Someone else who has left their position in life (work, life, it all rolls into one) and is moving onto the next is Raf Simons. This news is very 2015 but since the Pre-Fall images for Dior have been released, it has been back on my mind. (I really like the new in-house designed collection by the way.) I started to really appreciate Raf’s work for Dior only after I watched Dior and I, the documentary profiling the lead-up to his first couture collection, made in only 6 weeks. His departure has been reduced to the overkill of the fashion schedule in the press – 4 ready to wear and 2 couture collections a year is insane. The fact that fashion is going at a rate that was before unimaginable is indisputable. Technology is marvellous yet dangerous. In the time after Raf announced his departure, Alber Elbaz was fired from Lanvin (to much shock and dismay) and rumours have flown around regarding Hedi Slimane leaving Saint Laurent. I cannot imagine the latter to be true, given that sales are soaring and the brand is perhaps in the best place it has been in a decade (at least, but I don’t know official numbers). For the most part, public perception is positive. Yes, many members of the fashion press are not fans of Hedi for Saint Laurent – Alexander Fury has been vocal about his disdain many a times before – but I think he has done well to create such a strong brand in a short time period. Hedi leaving seems like a bizarre move and I think it would be a decision made by Hedi himself rather than the folks at Saint Laurent – he is a cash cow. I do hope the rumours are proven to be false although I have heard speculation that the next show, which will be held in Los Angeles, is his swan song. Quite frankly, it is a departure that I would be sad about.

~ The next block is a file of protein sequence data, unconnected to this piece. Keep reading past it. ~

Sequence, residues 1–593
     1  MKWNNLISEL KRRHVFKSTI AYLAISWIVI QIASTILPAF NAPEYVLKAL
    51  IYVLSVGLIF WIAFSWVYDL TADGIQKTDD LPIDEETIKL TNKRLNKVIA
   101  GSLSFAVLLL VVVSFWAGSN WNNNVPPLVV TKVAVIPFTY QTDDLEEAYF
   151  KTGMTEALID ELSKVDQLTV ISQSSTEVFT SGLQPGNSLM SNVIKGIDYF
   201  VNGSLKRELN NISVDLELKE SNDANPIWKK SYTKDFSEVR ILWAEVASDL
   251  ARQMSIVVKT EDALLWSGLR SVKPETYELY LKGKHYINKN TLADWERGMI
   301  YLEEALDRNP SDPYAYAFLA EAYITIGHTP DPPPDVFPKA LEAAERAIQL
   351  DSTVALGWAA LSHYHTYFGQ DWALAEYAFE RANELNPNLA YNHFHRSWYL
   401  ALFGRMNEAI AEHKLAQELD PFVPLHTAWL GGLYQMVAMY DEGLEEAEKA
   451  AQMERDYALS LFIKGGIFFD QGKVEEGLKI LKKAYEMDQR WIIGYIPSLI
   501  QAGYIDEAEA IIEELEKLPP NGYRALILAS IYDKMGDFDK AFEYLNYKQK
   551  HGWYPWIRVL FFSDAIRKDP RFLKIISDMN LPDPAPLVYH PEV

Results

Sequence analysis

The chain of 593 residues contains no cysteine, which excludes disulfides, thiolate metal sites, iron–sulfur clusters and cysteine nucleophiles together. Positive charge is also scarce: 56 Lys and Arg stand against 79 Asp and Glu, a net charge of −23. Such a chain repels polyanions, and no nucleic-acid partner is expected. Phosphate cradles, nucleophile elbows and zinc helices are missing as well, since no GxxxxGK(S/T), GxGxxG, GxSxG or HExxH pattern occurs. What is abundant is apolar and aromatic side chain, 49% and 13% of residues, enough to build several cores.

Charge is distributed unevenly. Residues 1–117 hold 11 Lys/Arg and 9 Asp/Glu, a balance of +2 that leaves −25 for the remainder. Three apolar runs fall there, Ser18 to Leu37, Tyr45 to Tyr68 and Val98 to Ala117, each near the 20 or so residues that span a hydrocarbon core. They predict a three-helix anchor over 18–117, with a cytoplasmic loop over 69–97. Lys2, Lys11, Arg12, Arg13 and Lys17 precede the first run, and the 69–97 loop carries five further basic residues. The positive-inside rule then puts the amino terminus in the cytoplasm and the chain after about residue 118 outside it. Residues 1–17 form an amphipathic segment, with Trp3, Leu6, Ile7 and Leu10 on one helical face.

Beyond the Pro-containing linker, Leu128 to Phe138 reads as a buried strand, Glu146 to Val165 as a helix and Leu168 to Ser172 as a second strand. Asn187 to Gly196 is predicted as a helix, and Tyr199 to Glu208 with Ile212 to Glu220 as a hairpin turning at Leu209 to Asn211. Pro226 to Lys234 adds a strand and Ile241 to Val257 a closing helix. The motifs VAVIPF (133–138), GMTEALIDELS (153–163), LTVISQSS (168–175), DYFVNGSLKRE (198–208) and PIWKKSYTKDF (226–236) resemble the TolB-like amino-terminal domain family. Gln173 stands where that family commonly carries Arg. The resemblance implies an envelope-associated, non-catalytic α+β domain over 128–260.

Another exit which I think has been overstated by people is Grace Coddington leaving her position as Creative Director of Vogue to become Creative Director at Large. People are reading the headlines saying she is leaving and thinking it means the worst – retirement, no more Grace, no more fantasy – but if you actually read into the articles it is clear to see that Grace will still be very much a part of Vogue, and so she should be. She will retain an office and contribute 4 editorials per year (that means her work is in a third of the issues a year, still a fairly high proportion). On top of this, she is free to explore other projects. That means we could see even more of her work. She could style fashion advertising, she could work with designers, she can do whatever she damn pleases. To summarise, Grace is going but she won’t be gone, so don’t be too upset about it.